There are a plethora of cars out there from every decade that were never considered “muscle cars” or “racey” that look spectacular when worked over to deliver just the right look. In modern times, the Dodge Avenger and the Chevrolet Cobalt come to mind. But another of Chevrolet’s vehicles, the infamous Chevette of the 1970’s and 80’s, simply isn’t one of those vehicles.
Try as one might, the little subcompact car that superseded the Vega lacks all the traits generally associated with muscle cars or race cars. It’s a small, puny, hatchback that, with just over 60 horsepower on tap in its finest years, has a lot to overcome.
But there’s hope yet in the classic little Chevette, you see, as the cars came in a rear wheel drive configuration, making engine swaps a distinct possibility for enthusiasts. That is, if you could fit the engine down into the rather petite engine compartment. Alas, it has been done, with Rover V8’s, GM 60-degree V6’s, and even Chevy small blocks having been installed into Chevettes. And one such example is currently being auctioned off on eBay, packed with everything you’d expect to find in a Pro Street-style car, in a package that doesn’t exactly scream intimidation.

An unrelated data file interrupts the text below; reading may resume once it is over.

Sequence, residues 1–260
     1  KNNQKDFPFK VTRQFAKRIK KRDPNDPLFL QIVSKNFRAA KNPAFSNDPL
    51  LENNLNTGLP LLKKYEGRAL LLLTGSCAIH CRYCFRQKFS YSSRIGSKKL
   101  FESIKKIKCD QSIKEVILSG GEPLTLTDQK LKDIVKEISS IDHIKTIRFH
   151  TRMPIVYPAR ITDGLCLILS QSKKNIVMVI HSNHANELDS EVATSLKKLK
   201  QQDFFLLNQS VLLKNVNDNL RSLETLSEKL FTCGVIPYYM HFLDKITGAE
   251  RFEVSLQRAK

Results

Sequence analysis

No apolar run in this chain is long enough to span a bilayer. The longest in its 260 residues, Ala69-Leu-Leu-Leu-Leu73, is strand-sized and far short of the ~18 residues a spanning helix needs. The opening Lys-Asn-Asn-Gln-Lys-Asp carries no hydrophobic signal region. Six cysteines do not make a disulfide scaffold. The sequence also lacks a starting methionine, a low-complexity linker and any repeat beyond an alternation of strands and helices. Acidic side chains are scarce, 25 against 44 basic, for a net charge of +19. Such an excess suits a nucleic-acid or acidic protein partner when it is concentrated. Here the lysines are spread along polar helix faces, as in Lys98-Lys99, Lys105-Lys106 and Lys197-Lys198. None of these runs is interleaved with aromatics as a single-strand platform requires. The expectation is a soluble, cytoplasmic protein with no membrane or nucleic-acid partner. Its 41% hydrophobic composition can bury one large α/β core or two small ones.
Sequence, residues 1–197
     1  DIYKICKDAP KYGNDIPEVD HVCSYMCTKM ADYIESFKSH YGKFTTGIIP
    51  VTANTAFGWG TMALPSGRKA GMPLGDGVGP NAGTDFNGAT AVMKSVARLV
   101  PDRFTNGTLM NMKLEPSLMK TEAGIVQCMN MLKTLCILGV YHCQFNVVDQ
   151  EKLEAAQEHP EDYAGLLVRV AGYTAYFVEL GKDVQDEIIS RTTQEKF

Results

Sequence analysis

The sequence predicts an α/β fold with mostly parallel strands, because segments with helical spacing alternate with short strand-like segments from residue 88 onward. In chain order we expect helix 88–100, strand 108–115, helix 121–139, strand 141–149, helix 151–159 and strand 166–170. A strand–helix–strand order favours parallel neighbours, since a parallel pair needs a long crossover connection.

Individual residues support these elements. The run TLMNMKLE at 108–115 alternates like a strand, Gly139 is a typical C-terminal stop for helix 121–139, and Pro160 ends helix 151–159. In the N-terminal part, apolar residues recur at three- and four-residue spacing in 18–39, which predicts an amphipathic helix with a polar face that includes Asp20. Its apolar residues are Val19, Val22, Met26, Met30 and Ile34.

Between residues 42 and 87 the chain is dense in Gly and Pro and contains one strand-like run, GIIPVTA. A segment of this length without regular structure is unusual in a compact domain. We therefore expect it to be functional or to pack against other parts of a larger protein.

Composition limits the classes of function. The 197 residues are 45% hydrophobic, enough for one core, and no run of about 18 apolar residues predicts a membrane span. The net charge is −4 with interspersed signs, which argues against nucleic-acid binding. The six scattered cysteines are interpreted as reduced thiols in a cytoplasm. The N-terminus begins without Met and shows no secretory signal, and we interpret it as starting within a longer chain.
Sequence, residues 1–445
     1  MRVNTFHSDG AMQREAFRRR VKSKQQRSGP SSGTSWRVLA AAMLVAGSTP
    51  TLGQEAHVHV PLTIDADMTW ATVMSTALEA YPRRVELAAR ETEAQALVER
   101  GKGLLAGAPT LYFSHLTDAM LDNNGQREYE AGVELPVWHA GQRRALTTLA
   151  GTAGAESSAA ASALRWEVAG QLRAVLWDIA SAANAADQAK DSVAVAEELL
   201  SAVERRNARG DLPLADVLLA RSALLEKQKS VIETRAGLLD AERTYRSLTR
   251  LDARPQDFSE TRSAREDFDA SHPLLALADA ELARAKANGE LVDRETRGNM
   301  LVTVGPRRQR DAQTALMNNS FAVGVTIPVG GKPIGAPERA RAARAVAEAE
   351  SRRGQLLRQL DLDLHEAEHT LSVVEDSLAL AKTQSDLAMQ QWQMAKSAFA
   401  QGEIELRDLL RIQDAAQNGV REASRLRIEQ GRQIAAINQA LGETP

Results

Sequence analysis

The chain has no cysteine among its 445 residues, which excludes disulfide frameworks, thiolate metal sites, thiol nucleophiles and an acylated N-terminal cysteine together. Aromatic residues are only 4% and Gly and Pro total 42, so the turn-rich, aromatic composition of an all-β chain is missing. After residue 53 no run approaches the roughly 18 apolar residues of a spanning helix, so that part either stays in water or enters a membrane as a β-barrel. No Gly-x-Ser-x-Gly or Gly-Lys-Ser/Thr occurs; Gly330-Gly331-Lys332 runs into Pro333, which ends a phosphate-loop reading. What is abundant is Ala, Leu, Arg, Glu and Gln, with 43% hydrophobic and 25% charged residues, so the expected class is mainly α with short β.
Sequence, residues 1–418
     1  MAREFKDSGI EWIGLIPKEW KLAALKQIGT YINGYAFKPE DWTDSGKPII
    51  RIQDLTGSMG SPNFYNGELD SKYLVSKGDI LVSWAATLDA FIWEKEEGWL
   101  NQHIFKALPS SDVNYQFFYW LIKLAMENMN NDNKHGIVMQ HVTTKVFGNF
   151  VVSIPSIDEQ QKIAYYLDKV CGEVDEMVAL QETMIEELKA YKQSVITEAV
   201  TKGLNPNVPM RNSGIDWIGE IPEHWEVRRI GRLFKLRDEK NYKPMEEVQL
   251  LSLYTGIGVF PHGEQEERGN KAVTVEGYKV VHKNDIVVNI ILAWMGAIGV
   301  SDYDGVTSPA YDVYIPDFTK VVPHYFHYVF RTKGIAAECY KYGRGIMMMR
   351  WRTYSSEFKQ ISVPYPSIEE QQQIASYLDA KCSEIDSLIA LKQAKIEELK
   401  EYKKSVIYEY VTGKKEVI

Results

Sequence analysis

The Chevette, a 1977 model, is equipped with a 181 cubic inch, inline four-cylinder GM crate motor producing a reported 500 horsepower with assistance from a single turbocharger. In the hatch area, you’ll find a nitrous oxide bottle that been plumbed up to the motor, delivering what the seller claims to be 300 horsepower, bringing this little monster up to 800 horses at 8,500 RPM. If you’re doing the quick math at home, that’s over 12 times the power this car had originally with its 57 and 63 horsepower options from the factory. Other specifications on the powerplant include a Crane roller camshaft and Jesel roller rockers and 7.7:1 compression pistons.
Elsewhere, there’s a full roll bar setup, aluminum wheel tubs, aluminum racing wheels, a tach and shift light, MSD ignition components, a B&M shifter, line lock, coilover shocks, an aftermarket fuel cell, and wheelie bars out back completing the look.
While it may not be the quickest or fastest car out there, and certainly not the most fear-striking of cars, this one surely draws some attention at the track and at car shows. We dig it.